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Photo: Justin Sullivan via Getty Images

26 governors and more than 60 former officials denounced bias and discrimination against Asian people Friday, saying, "hate will not divide our states, territories, and communities."

Driving the news: The statements come amid a nationwide day of action following March 16's deadly shooting in Atlanta, in which eight people including six Asian women were killed, and a yearlong surge of anti-Asian hate crimes fueled by the coronavirus pandemic.

  • Hate crimes reported to law enforcement against Asian people in America's largest cities jumped nearly 150% in 2020, according to the Center for the Study of Hate and Extremism at California State University

What they're saying: "From the Chinese Exclusion Act to the incarceration of Japanese Americans in World War II to the mistreatment of Muslims and Sikhs after 9/11, this year is part of a history of racism against the Asian American community," the governors' statement read.

  • "Today, and every day, we stand in solidarity, in support, and in shared resolve with the Asian American community."
  • Two Republicans — Maryland Gov. Larry Hogan and Massachusetts Gov. Charlie Baker — joined 23 Democratic colleagues and the governor of Guam in signing the letter.

More than 60 Asian American and Pacific Islanders who served in senior roles across six presidential administrations released a separate letter Friday calling for action against Asian bias.

  • "For centuries, AAPIs have contributed much to the vibrancy and success of this country. Yet we are sometimes still seen as 'the foreigner' or 'less American' and treated as the 'other,'" the letter read.
  • They called on political leaders to denounce anti-Asian attacks, work with law enforcement to protect the community and pass legislation that will better support the community’s needs.
  • Signees include former secretaries of Commerce Gary Locke and Norman Mineta, former Secretary of Transportation Elaine Chao.

The big picture: AAPI lawmakers, led by chair of the Congressional Asian Pacific American Caucus Rep. Judy Chu, on Friday held a Facebook Live conversation as part of the National Day of Action to Stop Asian Hate.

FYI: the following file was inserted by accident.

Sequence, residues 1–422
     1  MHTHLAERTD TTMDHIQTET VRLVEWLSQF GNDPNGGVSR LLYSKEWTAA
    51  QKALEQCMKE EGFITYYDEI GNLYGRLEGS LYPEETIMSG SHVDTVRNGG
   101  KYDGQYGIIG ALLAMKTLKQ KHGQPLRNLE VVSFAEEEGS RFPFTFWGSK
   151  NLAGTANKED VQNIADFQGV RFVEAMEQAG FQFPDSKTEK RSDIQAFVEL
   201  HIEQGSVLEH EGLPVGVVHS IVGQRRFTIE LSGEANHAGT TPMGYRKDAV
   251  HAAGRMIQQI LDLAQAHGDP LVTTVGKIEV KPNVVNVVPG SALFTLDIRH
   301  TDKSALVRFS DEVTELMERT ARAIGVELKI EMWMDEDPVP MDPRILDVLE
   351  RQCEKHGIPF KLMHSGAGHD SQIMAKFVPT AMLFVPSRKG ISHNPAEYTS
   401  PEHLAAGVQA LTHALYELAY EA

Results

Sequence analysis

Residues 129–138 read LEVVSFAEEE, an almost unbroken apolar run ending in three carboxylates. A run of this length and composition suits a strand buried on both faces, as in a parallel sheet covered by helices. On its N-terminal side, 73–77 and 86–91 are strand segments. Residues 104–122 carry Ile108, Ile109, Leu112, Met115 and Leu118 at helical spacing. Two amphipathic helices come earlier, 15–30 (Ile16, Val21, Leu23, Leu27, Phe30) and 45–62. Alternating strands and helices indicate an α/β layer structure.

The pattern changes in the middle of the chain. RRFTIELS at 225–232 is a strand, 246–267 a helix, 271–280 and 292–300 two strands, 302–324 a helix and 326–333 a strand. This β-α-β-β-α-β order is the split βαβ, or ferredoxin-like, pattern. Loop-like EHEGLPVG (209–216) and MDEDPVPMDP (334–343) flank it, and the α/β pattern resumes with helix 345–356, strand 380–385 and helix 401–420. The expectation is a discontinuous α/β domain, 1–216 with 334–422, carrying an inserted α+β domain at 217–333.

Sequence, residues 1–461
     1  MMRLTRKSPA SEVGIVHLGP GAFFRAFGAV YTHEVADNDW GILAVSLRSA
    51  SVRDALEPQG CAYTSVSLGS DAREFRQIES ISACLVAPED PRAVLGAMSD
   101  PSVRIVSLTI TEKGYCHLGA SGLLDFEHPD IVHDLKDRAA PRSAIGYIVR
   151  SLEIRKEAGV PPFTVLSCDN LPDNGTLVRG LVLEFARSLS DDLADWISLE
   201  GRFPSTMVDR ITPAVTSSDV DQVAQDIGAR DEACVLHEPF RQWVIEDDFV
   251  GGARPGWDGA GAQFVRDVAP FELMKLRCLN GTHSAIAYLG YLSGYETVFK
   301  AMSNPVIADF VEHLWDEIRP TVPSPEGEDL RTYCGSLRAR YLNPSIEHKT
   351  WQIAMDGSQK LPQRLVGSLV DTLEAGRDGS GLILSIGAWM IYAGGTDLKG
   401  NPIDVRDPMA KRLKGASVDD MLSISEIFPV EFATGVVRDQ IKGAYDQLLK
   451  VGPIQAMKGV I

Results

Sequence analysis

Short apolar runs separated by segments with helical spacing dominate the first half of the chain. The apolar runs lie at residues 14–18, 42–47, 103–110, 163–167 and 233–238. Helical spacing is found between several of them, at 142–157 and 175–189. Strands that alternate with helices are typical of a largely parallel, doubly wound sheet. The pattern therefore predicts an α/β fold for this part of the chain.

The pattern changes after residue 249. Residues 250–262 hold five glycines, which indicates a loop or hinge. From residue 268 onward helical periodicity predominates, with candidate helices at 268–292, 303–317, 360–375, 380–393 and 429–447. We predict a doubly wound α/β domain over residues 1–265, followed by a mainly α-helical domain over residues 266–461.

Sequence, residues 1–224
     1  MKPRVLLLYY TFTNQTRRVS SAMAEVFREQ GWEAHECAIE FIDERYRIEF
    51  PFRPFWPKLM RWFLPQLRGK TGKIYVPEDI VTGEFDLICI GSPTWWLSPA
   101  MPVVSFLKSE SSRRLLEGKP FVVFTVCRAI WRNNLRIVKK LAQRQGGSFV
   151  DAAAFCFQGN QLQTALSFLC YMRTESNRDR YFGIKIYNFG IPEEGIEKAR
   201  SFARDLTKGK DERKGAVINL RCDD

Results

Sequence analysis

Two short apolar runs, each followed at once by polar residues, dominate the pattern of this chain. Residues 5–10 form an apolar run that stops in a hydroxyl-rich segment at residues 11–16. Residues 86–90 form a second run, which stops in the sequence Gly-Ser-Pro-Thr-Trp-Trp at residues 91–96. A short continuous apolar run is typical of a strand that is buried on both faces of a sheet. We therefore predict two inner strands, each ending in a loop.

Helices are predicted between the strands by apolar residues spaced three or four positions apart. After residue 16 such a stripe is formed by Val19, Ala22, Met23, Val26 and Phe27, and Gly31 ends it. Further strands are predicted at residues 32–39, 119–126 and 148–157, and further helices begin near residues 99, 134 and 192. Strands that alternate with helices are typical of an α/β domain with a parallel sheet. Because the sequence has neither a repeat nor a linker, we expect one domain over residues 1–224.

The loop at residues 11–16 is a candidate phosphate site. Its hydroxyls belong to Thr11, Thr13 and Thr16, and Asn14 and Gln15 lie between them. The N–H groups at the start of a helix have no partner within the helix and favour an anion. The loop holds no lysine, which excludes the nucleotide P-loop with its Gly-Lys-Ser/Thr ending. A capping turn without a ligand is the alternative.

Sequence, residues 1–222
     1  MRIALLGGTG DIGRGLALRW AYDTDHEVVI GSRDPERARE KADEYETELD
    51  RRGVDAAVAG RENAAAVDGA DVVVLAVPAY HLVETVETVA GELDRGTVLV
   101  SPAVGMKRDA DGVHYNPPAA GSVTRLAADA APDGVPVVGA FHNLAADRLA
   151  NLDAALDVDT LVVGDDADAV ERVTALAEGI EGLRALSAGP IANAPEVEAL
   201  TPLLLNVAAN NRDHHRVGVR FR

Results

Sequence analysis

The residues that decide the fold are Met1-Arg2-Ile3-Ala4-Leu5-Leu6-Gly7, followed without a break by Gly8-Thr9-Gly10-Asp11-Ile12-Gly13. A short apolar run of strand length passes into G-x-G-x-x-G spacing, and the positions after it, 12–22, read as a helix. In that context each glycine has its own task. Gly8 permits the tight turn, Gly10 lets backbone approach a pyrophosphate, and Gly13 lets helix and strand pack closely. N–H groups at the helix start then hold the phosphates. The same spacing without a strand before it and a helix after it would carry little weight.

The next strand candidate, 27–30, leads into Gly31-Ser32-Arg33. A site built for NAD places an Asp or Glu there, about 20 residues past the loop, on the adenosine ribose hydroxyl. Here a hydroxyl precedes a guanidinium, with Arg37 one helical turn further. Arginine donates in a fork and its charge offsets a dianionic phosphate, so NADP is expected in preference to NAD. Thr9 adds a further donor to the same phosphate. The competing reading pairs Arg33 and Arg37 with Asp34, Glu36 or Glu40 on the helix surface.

Go deeper: Over 183 organizations join AAPI groups' call for $300M to address anti-Asian violence

Go deeper

Asian Americans are underrepresented in law enforcement

An Asian American police officer walks through New York's Chinatown during an annual parade on Feb. 17, 2019. Photo: Andrew Lichtenstein/Corbis via Getty Images

Asian Americans make up only about 2% of the nation's law enforcement officers — an underrepresentation that ripples through small towns and major cities.

Why it matters: The consequences have been amplified over the past year, as violence and acts of racism grew against Asian Americans and Pacific Islanders. Now, law enforcement agencies are facing criticism for not adequately reporting hate crimes and not having enough Asian American officers on staff to to adequately investigate cases.

5 questions we’d like to ask Biden

President-elect Joe Biden listens to a reporter's question during his last formal news conference on Jan. 8. Photo: Jim Watson/AFP via Getty Images

President Biden will hold a presser Thursday afternoon.

Why it matters: It is Biden's first formal news conference of his presidency.

Mar 26, 2021 - Podcasts

President Biden meets the press

President Biden gave his first news conference yesterday, where he emphasized what he's accomplished but was pressed on what he hasn't.

  • Plus, all votes have been counted in Israel's election, leaving Prime Minister Benjamin Netanyahu’s right-wing bloc just short of a 61-seat majority in the Israeli Knesset.
  • And, the history of hate crimes against Asian Americans in the U.S.

Guests: Karthick Ramakrishnan, professor of public policy and political science at the University of California, Riverside, and Axios' Margaret Talev and Barak Ravid.

Credits: Axios Today is produced in partnership with Pushkin Industries. The team includes Niala Boodhoo, Sara Kehaulani Goo, Dan Bobkoff, Justin Kaufmann, Nuria Marquez Martinez, Amy Pedulla, Naomi Shavin, Alice Wilder, and Alex Sugiura. Music is composed by Evan Viola. You can reach us at podcasts@axios.com.

Go deeper: